It will take something more than the best superglue for the agreement signed by Laura Borràs and Jordi Turull for their leadership of Junts per Catalunya (Together for Catalonia) to gain traction with the party membership and, above all, with public opinion, as the best formula for a compact team capable internally of overcoming the obvious discrepancies that exist between many of its members. Borràs and Turull have made an agreement and this, as in any political organization where confrontation tend to be penalized as it is interpreted as power struggle, is an initial piece of good news. Probably for this reason, Borràs and Turull have, despite their enormous differences, made a virtue of necessity, accepting an agreement from which both sides believe that, in time, will end up improving the position reached this Tuesday.
The June 4th congress is thus considered peaceful, as it will only have to vote for one candidate and will return the prominence of the conclave to president Carles Puigdemont and Jordi Sànchez, who are leaving the posts of party president and general secretary, respectively. Puigdemont and Sànchez, since announcing their decision not to run for re-election, have played clearly different roles. The former, formally removed from talks between the two aspirants to lead the party, has followed through in his public commitment to focus on his two priorities, the Council for the Republic and his position as an MEP, in addition, naturally, to his non-transferable role as president in exile. Sànchez, on the other hand, has worked hard for a joint candidacy, prioritizing a new executive that will help Junts to concentrate more on politics and less on declarations.
In any case, it is obvious that Junts is starting a new era in which Puigdemont's oversight will be even less noticeable than it has been in recent times and, from the point of view of his unquestionable leadership, the party is now much more exposed to the elements. The cohesion of the organization will largely depend on how the relationship between Borràs and Turull works and whether a certain discipline can be established in a party in which its members have behaved more as a group of soloists than an orchestra with everyone perfectly synchronised and in tune. In theory, the areas where open discrepancies could occur are not minor, nor can they wait. Specifically, three of them: the party's continuation in Pere Aragonès's government, where they have not all had an identical position up till now; the position on the issue of the Catalan language and immersion, in which ERC, the PSC, the Comuns and the pro-independence civil groups await them in order to sign a joint agreement; and to a lesser extent, the agreements made at the Barcelona provincial authority, the Diputació, and in some municipalities with non-independence parties - in particular, the PSC.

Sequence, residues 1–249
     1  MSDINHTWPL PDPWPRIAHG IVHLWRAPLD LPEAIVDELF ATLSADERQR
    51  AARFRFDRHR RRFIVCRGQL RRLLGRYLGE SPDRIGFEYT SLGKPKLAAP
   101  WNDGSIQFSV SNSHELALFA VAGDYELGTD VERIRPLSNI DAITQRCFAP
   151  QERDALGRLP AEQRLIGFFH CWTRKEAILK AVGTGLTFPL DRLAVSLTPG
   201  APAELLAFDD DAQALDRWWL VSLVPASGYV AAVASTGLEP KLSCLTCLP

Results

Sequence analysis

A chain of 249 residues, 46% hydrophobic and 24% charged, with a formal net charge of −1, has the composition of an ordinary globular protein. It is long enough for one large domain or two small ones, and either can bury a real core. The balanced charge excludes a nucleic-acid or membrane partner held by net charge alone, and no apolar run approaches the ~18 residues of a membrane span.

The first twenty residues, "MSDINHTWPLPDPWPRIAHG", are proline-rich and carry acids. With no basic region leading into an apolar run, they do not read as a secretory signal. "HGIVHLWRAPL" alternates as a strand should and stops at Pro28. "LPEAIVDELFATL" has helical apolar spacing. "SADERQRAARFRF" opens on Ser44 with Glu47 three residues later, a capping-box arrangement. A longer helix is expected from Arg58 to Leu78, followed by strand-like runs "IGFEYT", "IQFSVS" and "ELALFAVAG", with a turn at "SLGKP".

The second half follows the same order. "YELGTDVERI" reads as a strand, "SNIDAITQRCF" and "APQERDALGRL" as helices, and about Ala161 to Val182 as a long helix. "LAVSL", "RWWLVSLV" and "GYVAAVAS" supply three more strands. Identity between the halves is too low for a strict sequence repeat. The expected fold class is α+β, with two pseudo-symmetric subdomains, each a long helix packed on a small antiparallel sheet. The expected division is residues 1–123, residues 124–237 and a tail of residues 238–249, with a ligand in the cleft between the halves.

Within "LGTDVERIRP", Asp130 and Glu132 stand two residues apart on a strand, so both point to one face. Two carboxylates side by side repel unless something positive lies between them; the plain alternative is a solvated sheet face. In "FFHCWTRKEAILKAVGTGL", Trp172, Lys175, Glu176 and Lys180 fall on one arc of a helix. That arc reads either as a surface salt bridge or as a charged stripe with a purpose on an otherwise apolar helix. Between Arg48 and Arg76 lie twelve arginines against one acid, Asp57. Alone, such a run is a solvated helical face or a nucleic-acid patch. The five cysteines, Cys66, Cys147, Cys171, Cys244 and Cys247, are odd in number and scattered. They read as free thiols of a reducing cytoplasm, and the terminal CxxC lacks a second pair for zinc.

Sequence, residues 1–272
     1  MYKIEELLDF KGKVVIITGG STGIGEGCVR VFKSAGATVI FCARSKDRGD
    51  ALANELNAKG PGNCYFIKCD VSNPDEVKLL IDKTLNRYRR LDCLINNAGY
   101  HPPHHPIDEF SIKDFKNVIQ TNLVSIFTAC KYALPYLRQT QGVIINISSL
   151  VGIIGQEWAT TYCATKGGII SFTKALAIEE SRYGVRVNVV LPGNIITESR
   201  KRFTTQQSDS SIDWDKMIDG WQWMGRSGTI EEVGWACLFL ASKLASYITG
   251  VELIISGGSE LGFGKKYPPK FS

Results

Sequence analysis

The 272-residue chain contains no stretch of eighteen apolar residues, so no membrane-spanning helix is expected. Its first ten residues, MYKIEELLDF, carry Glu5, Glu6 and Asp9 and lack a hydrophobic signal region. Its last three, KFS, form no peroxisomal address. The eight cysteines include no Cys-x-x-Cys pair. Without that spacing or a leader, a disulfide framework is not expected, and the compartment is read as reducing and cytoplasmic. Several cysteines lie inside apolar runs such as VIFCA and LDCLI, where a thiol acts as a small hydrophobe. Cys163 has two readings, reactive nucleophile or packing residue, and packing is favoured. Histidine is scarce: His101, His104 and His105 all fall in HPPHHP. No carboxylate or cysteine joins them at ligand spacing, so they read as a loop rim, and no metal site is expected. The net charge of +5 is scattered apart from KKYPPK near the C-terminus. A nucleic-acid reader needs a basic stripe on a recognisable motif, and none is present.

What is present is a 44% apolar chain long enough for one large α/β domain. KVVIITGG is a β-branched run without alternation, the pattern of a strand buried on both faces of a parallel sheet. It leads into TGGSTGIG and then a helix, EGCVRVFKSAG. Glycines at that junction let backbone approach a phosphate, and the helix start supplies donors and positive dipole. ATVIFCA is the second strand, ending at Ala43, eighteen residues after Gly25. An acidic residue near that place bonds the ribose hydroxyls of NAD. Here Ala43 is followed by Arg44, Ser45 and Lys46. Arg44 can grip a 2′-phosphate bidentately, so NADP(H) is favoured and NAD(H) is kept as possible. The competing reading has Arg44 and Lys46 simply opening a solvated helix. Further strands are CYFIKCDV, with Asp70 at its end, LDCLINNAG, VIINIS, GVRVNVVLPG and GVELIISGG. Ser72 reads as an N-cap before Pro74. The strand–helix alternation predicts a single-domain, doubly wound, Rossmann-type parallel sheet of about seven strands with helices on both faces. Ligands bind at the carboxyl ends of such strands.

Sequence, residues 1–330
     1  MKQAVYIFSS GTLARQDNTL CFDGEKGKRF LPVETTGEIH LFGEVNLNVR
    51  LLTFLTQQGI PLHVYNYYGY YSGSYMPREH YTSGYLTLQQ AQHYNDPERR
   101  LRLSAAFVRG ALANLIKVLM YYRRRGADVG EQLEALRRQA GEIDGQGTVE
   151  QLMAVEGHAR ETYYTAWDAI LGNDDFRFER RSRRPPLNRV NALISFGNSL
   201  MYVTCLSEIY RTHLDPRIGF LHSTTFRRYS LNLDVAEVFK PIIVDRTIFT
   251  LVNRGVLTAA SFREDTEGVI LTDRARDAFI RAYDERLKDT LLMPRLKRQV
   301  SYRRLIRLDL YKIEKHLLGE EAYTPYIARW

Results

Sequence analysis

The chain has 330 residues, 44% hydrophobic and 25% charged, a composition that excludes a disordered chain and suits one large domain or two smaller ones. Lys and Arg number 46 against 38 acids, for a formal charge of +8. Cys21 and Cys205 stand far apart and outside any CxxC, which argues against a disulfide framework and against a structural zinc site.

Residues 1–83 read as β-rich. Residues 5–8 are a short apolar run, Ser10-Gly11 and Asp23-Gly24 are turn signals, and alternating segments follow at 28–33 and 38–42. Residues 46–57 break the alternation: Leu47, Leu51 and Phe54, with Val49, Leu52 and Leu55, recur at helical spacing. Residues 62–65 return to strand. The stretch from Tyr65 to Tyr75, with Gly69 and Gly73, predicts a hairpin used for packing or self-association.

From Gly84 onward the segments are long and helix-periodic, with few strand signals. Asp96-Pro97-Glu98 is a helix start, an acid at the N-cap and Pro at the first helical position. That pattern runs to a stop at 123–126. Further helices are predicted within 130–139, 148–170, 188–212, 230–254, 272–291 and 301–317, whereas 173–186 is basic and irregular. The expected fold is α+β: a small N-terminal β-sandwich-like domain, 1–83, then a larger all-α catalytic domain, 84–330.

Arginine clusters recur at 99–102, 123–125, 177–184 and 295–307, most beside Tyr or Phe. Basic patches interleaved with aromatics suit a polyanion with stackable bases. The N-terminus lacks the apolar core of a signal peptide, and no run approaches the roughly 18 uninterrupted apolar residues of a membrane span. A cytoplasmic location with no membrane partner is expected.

All this, not to mention the political position in Madrid with the government of Pedro Sánchez and the Congress of Deputies, or the agreements already reached with mayors from the other centre-right Catalan pro-independence party, the PDeCAT, who have agreed to join the municipal candidacies of Junts and who are worried that the politics of Junts might take a sudden swerve. It will be in this day-to-day where it will be revealed if the pact is solid and the party able to be sufficiently transversal and empathetic with the electorate to regain the privileged positions of the past. Reading the present will be very important as the current political scenario is far from that of autumn 2017 when the Junts per Catalunya grouping was first articulated, and the positioning of Junt's manifesto in the time ahead, especially in economic, social and security issues, will not be a minor issue. And this is where Junts has a huge gap as it has postponed a debate that is already unavoidable among the many outlooks that converge in this party.